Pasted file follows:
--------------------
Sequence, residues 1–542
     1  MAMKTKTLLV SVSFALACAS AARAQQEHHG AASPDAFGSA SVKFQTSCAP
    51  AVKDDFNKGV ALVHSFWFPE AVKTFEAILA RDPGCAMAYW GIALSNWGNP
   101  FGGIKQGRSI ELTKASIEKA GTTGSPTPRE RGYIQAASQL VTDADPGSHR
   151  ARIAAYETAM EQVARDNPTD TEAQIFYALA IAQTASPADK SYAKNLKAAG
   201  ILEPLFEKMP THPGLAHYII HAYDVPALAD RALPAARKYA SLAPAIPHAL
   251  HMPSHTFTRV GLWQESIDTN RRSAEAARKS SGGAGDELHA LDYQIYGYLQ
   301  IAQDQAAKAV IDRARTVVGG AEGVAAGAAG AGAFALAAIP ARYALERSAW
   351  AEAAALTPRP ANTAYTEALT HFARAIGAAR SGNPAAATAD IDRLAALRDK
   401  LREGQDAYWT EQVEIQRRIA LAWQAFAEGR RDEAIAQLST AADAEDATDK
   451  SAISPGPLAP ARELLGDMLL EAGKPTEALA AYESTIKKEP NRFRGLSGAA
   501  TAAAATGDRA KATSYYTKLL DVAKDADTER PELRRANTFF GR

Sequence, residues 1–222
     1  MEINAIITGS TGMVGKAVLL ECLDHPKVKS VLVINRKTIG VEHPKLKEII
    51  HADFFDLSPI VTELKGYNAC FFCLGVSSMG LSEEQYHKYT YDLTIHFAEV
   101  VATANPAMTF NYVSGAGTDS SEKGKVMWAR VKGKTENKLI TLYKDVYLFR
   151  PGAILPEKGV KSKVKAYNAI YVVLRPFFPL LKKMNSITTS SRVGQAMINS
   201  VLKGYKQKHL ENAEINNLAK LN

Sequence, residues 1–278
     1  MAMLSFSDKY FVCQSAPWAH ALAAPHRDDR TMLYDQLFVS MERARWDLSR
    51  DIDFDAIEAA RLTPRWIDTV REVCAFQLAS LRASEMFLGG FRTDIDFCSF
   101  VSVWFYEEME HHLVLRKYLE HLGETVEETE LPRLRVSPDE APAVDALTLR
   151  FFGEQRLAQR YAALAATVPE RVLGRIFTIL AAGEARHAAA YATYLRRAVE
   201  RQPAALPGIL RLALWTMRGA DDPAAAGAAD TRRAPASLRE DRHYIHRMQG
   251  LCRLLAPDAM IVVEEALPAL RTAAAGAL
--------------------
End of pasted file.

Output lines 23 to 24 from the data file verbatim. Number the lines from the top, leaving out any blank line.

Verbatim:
   151  FFGEQRLAQR YAALAATVPE RVLGRIFTIL AAGEARHAAA YATYLRRAVE
   201  RQPAALPGIL RLALWTMRGA DDPAAAGAAD TRRAPASLRE DRHYIHRMQG